Tuesday, June 19, 2007

How fatherhood affects the body and brain

By Emily Anthes - Slate Magazine:
But in the last handful of years, scientists have shown that normal, healthy, non-pregnancy-envying men often undergo real bodily changes when they're expecting children. Research shows that male marmosets and cotton-top tamarins—primates that, like humans, split child-rearing duties between the mother and father—gain as much as 20 percent of their body weight while waiting for the birth of their offspring. The finding suggests that couvade is biologically adaptive rather than psychologically neurotic: The hypothesis about the marmosets and tamarins is that the pregnancy paunch prepares a dad for the extra energy he'll expend in helping to rear his baby.

In addition, dads-to-be have elevated levels of cortisol and prolactin, hormones that are also present in high levels among mothers who are attached and responsive to their children. A father's testosterone level also drops by about a third, on average, in the first three weeks after his child is born. These hormonal shifts, which are likely sparked by exposure to the pregnant woman's hormones (there is correlational evidence that dads who spend time with moms experience the changes), mirror those experienced by mothers and may similarly prepare men for parenthood. Men who have relatively little testosterone have been shown, for instance, to hold baby dolls longer than men who are flooded with the sex hormone. High levels of testosterone, on the other hand, are associated with "incompatible non-nurturing behaviors," as one researcher put it. If dads roared along on their usual levels of the hormone, the theory goes, they'd be too busy fighting other men and seducing other women to do much diaper-changing.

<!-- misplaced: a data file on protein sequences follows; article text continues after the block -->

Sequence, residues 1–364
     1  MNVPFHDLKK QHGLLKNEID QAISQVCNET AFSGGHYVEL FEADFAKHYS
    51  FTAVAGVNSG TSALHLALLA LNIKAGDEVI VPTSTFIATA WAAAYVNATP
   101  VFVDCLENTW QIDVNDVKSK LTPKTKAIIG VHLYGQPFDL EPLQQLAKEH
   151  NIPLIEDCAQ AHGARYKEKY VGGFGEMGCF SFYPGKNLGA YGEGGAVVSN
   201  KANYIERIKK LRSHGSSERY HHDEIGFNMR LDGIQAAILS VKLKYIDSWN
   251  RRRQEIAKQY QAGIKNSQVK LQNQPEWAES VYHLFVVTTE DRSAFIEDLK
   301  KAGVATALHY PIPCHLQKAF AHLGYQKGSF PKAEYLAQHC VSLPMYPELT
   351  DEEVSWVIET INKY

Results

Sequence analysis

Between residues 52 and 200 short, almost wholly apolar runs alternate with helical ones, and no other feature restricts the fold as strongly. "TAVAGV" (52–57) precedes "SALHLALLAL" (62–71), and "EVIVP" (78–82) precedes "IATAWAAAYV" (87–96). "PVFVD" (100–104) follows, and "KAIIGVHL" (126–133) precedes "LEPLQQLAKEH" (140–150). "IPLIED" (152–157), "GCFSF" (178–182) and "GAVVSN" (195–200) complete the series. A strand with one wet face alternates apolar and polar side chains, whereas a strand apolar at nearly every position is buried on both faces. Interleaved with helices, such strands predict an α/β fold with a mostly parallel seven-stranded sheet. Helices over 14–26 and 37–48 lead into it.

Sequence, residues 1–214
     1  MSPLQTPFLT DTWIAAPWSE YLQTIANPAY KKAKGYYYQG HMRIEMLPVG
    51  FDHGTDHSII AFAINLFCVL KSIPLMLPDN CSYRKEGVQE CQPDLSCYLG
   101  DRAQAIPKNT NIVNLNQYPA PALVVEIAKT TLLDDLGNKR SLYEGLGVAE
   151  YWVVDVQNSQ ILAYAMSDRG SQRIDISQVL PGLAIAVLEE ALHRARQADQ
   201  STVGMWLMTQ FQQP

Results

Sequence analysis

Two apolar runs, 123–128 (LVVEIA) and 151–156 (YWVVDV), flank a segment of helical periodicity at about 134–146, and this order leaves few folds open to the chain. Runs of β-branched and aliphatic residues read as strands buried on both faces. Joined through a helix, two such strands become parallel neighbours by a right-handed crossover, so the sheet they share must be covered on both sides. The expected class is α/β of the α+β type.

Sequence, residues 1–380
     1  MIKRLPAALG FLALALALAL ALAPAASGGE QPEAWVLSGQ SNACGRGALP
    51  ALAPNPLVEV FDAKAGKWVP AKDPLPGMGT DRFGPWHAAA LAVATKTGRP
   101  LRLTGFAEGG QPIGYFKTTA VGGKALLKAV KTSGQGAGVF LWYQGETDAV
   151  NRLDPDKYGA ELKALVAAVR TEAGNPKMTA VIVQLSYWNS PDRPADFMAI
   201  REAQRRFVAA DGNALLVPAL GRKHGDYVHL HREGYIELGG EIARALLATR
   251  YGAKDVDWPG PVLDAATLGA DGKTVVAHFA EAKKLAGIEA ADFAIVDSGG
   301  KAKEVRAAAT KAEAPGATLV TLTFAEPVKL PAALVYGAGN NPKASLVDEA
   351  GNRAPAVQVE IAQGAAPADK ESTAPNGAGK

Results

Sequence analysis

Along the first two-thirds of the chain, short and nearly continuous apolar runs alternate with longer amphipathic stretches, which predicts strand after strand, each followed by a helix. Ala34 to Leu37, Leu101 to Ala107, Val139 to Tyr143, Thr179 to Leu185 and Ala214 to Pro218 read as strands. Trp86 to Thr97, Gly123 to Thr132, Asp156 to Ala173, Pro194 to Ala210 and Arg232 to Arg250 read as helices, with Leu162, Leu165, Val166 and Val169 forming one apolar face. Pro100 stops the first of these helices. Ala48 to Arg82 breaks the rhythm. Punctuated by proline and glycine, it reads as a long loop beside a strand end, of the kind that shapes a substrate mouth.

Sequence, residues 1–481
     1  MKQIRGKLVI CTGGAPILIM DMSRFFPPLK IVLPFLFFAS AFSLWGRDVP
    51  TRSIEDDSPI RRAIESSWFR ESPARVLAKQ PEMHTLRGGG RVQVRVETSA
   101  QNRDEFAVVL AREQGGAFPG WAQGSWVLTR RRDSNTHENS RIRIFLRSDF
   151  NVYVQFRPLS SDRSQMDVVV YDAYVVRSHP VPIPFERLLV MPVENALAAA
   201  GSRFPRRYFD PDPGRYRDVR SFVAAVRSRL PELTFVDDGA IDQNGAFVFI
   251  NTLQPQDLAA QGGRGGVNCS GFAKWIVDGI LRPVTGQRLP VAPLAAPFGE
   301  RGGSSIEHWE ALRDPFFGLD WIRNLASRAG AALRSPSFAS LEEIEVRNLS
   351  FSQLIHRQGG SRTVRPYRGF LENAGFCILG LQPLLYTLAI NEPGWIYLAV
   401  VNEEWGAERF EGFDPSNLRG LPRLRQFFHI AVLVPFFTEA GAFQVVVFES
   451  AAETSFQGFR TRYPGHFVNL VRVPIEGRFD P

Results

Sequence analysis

There's also preliminary but tantalizing evidence that fatherhood can change the brain. A 2006 study found enhancements in the prefrontal cortex of the father marmoset. After childbirth, the neurons in this region showed greater connectivity, suggesting that having young children could boost the part of the brain responsible for planning and memory, skills parents need when having kids gives them more to keep track of. The neurons also had more receptors for vasopressin, a hormone that has been shown to prompt animal fathers to bond with offspring. (Receiving an injection of vasopressin, for instance, prompts a male prairie vole to cuddle and groom a youngster.)

And yet despite these findings, few scientists treat the physiology of fathers as a serious subject in its own right. Researchers have been investigating some of the hormonal swings in humans for almost a decade, and longer in other species; still, most of this work remains on the fringe.

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